Students in a death and dying class have the opportunity to become a ‘death ambassador,’ in recognition of their new level of awareness that could help foster healthy conversations about death and dying.
All of us face loss and the reality of our own mortality. Whether through in-person discussion or over social media, let’s build communities that support people navigating death and dying.
Over 20% of people diagnosed with brain cancer survive longer than five years. But the NDIS may not recognise their need for support to live, work, learn and play.
Even for an experienced health-care professional, estimating the life expectancy of a patient with a serious illness is challenging.
An accurate prediction of survival can enable earlier conversations about preferences and wishes at the end of life, and earlier introduction of palliative care.
Palliative care is often seen as a ‘last resort’ rather than a service that empowers terminally ill people to live as well as possible for as long as possible.
There is debate about whether a health-care worker can ethically participate in both palliative care and the MAID program.
Bill C-7 has created ethical tensions between MAID providers and palliative care, between transparency and patient privacy, and between offering a dignified death rather than a dignified life.
A core focus of palliative care is on easing symptoms and increasing quality of life for people who have a serious or chronic illness, and not solely for those who are dying.
The challenging realities surrounding end-of-life care are especially difficult for older people experiencing homelessness, who have more barriers to accessing hospice care.
Gaps between health systems can mean NDIS participants at the end of their lives don’t have the support of their regular NDIS support workers.
Several factors ranging from personal spiritual beliefs to patient relationships to medical legal issues can influence whether a health-care practitioner participates in providing medical assistance in dying (MAID).
For people to access medical assistance in dying (MAID) requires health-care professionals willing to provide the service. The reasons health-care providers choose not to participate are important.
Avoiding talk of death won’t make it disappear.
Palliative care tries to support a patient’s quality of life.
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Palliative care, often misunderstood, is not synonymous with hospice care.
You can start these conversations simply, like saying, “I need to think about the future. Can you help me?”
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When you prepare to talk about end-of-life decisions and the legacy you want to leave behind, try thinking about them as gifts you bestow to family and friends.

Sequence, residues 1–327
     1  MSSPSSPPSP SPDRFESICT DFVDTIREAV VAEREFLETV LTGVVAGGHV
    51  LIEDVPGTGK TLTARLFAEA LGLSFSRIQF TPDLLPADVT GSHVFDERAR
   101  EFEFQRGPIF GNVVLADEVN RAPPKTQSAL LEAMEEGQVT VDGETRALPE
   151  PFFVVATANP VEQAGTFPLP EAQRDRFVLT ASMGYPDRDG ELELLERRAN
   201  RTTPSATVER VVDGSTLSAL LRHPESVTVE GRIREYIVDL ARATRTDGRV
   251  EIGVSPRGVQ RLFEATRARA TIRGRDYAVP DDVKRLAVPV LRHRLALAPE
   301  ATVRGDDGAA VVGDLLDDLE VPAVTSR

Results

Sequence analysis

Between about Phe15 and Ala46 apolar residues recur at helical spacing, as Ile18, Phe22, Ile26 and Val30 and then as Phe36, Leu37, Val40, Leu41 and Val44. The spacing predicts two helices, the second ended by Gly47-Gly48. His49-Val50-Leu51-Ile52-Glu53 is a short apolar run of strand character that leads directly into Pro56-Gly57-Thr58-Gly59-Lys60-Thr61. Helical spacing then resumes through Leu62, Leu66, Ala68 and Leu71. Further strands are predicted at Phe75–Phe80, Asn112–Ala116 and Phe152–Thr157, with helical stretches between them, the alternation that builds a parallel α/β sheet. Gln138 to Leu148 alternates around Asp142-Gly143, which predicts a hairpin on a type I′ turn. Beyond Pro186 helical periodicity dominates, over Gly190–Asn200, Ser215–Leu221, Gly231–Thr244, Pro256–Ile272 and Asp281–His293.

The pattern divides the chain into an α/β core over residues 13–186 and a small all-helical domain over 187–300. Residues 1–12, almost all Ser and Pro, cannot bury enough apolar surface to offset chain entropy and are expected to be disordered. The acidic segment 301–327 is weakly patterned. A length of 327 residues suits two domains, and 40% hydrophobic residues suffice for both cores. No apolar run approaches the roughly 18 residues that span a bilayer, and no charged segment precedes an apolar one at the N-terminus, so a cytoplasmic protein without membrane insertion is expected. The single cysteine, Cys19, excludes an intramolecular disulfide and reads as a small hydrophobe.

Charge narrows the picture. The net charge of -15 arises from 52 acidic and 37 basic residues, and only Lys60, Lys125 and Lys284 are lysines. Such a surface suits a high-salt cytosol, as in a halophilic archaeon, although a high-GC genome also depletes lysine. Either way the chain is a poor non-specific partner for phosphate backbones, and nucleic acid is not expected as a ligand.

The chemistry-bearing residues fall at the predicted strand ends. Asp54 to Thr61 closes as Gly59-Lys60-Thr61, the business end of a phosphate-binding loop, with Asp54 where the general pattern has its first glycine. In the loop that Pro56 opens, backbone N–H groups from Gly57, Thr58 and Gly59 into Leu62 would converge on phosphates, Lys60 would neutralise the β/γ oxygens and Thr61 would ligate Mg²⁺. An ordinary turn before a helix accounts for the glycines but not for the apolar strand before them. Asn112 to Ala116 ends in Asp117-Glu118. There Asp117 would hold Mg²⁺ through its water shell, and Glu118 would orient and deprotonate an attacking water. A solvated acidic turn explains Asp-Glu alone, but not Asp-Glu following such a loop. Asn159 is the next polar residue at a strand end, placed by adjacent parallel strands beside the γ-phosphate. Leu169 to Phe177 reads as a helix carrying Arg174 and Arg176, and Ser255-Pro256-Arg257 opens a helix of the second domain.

Getting a referral to palliative care can be a complicated process.
Palliative care is about living well and meeting patients’ goals, but referral can be more complex than access to medical assistance in dying (MAID). Palliative care should be as accessible as MAID.
Evidence suggests messages the patient thought to be crystal clear often appear unclear to doctors and family.
Prisons need to improve services for chronic conditions, mental health, and palliative care.
Andrew Mercer/ Wikimedia
Despite the disproportionate numbers of Aboriginal people in prisons, there are near to no cultural protocols in place, and chronic illness is often not addressed.
The case for letting people go gentle into that good night.
Improving death-friendliness offers further opportunity to improve social inclusion. A death-friendly approach could lay the groundwork for people to stop fearing getting old or alienating those who have.
Death-friendly communities that welcome mortality might help us live better lives and provide better care for people at the end of their lives.
Many Australians come to the end of their life while living in aged care. But damningly, the aged care royal commission found many residents have worse palliative care options than those living elsewhere.
Minister of Justice David Lametti gives a thumbs up as he rises to vote in favour of a motion on Bill C-7, medical assistance in dying, in the House of Commons on Dec. 10, 2020.
THE CANADIAN PRESS/Justin Tang
Expanding access to medical assistance in dying (MAID) to those not terminally ill puts vulnerable people at risk of feeling pressured into MAID, and doctors at risk of being forced to facilitate it.
The Canadian Hospice Palliative Care Association is calling on health authorities to “implement a more compassionate approach to end-of-life visitations … during the COVID-19 pandemic.”
Preventing people from dying alone in a pandemic takes ingenuity and money, but it’s the right thing to do.
Healthcare staff may not know how to meet an LGBT patient’s unique needs.
Mr.songkod Sataratpayoon/ Shutterstock
Lack of training and skills among those who work in the area may lead to LGBT people receiving poorer palliative care.